“Did you get an alert?”
My wife looks up at me from her phone when she asks. I glance at mine. I didn’t get an alert. Neither did she. But her phone has started buzzing like crazy with messages. Friends are asking: “Do you have enough water?” I remember this feeling; it’s panic.
It’s Sunday. I’m out with my kids and my wife. We’re at a botanical garden about an hour outside Philly. The sun is a hard diamond and it’s the only thing in a vacant sky. The kids are in a good mood. They’re running like mad and their jacket buttons flash in the sun like burning magnesium.
The last time I felt panic this bad was March 2020. There was no soap or toilet paper. Everyone was getting sick. A lot of the workers who stock the food shelves or drive it to the stores were too sick to come to work, or they were dead. The papers ran stories about whether food supply lines would hold up. Back then, the bosses called workers heroes. That was a long time ago.
This time, there’s poison in the water. We only hear about it Sunday. But it happened three days ago — on Friday. I glance at my kids. The panic makes your fingertips tingle.
When I finally get the alert from the city government, it’s 5:00 p.m..
I open the Spider-Man water bottles, and I dump them out. I wonder what the water will do to the grass.
Don’t Drink the Water
We leave the garden. Our friends tell us: don’t go to city supermarkets. There’s a run on water. My neighbor works at one. She says people are fighting over the water. The shelves are empty. We start calling supermarkets to see if they have any.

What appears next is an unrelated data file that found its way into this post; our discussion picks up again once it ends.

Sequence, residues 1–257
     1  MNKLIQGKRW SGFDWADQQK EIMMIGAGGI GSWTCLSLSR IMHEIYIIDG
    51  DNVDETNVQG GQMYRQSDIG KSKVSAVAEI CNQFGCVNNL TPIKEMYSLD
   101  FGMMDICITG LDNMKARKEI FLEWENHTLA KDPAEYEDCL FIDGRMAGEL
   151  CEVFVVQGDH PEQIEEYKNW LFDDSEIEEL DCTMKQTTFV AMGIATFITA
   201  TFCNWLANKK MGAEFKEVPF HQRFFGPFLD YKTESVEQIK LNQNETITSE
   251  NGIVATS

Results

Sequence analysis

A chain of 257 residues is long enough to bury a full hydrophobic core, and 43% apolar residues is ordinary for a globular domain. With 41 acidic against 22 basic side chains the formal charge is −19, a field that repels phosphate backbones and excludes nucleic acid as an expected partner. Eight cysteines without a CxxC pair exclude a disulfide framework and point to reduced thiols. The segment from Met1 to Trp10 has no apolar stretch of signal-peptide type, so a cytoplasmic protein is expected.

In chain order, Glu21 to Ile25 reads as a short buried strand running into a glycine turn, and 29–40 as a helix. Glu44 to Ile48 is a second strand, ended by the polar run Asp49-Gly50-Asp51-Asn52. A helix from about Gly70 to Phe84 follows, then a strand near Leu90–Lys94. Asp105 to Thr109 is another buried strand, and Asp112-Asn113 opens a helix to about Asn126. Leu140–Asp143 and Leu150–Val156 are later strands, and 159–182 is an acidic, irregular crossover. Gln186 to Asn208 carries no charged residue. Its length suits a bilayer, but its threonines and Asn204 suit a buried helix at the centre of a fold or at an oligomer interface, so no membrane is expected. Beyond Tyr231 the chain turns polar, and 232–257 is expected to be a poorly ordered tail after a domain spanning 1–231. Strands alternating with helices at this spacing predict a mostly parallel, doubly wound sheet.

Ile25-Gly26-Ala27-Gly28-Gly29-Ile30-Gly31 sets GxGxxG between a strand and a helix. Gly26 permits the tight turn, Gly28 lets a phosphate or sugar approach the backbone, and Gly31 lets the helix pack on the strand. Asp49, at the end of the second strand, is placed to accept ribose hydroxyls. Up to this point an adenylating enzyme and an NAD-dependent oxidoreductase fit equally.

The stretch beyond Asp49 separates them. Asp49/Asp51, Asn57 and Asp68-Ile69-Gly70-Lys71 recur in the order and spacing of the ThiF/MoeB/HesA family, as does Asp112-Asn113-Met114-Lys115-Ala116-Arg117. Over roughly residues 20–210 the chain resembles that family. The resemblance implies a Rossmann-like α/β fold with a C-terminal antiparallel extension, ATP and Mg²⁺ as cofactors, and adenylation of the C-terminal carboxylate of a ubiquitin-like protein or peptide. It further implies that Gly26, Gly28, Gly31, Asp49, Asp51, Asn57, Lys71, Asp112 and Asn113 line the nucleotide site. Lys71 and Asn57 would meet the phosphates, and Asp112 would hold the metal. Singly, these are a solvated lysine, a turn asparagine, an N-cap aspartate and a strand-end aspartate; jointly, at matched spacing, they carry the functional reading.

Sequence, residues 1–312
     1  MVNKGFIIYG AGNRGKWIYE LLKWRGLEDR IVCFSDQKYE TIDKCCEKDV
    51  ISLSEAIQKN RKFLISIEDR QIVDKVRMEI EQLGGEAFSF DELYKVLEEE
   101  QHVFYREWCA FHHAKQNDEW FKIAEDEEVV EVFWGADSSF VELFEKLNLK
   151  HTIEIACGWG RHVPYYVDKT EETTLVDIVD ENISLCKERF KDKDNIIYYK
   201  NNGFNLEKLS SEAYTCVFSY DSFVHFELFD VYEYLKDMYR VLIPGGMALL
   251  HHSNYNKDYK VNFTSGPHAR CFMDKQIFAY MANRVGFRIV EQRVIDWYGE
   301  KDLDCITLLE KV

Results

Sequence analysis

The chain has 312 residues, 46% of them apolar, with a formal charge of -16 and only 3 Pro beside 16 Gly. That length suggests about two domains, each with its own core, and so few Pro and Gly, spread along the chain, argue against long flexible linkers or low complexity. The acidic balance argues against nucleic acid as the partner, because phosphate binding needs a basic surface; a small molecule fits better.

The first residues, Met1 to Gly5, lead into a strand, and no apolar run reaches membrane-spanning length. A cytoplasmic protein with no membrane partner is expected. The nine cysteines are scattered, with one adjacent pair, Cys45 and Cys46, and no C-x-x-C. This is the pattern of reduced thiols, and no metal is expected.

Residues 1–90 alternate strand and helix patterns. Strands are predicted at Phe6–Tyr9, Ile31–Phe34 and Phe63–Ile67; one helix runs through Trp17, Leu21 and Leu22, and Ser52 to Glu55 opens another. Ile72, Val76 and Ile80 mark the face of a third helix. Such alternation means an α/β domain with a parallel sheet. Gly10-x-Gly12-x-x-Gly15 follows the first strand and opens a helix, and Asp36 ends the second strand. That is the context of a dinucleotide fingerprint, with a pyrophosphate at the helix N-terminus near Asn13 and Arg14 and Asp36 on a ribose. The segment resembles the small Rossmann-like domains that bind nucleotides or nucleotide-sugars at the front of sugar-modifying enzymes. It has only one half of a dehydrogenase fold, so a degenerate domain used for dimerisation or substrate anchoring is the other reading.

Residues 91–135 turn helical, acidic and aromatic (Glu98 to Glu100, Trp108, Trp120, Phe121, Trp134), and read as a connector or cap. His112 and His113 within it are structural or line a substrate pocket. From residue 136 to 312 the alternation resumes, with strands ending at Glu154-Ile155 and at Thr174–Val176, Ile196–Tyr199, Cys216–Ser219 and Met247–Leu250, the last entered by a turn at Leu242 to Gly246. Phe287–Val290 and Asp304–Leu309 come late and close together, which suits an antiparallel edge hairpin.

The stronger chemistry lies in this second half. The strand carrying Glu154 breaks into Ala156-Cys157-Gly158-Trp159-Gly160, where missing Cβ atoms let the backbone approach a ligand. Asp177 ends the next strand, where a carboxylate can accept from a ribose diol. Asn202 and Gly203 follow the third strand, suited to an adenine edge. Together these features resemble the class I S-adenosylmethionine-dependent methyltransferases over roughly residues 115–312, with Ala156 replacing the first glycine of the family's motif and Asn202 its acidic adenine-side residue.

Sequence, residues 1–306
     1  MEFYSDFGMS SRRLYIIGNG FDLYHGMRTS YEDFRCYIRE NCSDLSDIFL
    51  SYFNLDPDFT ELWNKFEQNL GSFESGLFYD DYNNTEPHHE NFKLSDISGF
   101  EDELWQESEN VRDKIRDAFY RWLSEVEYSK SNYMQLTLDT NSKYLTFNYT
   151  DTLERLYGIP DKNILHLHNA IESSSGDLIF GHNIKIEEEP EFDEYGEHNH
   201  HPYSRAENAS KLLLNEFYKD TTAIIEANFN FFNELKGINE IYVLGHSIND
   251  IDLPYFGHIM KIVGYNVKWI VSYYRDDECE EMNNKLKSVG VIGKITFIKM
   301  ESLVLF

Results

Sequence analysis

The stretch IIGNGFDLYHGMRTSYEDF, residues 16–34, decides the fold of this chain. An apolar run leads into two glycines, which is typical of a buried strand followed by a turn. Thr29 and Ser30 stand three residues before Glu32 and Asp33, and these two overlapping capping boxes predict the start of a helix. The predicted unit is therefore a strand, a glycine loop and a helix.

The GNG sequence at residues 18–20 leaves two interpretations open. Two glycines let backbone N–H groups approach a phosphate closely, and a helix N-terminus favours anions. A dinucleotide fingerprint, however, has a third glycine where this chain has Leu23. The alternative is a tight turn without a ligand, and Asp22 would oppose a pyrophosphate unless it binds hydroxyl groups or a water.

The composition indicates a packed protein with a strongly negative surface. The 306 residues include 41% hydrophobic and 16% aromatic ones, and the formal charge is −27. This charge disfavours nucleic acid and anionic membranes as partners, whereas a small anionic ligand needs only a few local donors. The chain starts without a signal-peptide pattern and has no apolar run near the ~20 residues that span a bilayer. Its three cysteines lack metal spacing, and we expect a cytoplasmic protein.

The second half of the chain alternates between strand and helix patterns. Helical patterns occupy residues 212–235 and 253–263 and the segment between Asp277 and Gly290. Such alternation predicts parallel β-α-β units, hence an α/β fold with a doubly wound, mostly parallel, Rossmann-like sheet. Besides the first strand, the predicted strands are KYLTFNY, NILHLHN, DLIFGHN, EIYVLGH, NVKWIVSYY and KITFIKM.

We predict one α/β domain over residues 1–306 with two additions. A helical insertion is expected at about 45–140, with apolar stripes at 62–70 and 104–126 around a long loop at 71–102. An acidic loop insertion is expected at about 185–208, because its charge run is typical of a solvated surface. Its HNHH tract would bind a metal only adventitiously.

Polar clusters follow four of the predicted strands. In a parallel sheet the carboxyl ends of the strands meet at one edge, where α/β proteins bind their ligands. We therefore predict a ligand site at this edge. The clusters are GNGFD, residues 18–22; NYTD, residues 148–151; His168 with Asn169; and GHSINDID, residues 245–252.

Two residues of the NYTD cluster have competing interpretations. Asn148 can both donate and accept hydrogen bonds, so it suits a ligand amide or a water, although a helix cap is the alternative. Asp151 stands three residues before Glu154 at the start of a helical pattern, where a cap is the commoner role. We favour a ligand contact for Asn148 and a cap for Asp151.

We go to a supermarket outside the city. It’s a very wealthy place. It’s the kind of neighborhood where the CEOs of Comcast and Urban Outfitters live. The parking lot is filled with Mercedes. No one there is too worried; their water is clean.
But the workers there catch on quick when they see our shopping cart packed with water. “You from Philly?” one asks. Another worker, a lane over, says, “Are you OK?” We tell them the story. “Get home safe,” they say. The guy in the Brooks Brothers polo and the leather loafers — he’s walking to his Mercedes — doesn’t look up.
We have to Google what happened Friday. This is what we learn: the Trinseo Altuglas chemical plant dumped thousands of gallons of poisonous chemicals into the Delaware River on Friday. We’re told it’s an accident, a result of “overflow.” If you’re not from Philly, you might not not know the Delaware runs the length of the city’s east side, and most of its drinking water comes from it.
No one knows how much went in. Articles say it’s “at least” 8,000 gallons. But the company’s spokesperson said there’s no way to know for sure. Triple that? The corporation’s bosses have no idea.
It’s a “latex finishing chemical.” It includes the same material — butyl acrylate — that poisoned Palestine, Ohio in the train derailment from a few weeks ago. That disaster felt far away from Philly yesterday. Though one supermarket here has been selling water bottled in Palestine, Ohio — with the same chemicals in it, maybe. Not so far away after all.
When the chemical plant’s bosses respond, they sound bored by the inconvenience. The company is “conducting a thorough assessment of all our systems … to close any gaps,” says the CEO.
We get another alert from the city on Sunday night. It says that we can still drink the water — but only until Monday night. The chemicals are taking their time. The alert says we should start filling pitchers and leaving them around the house.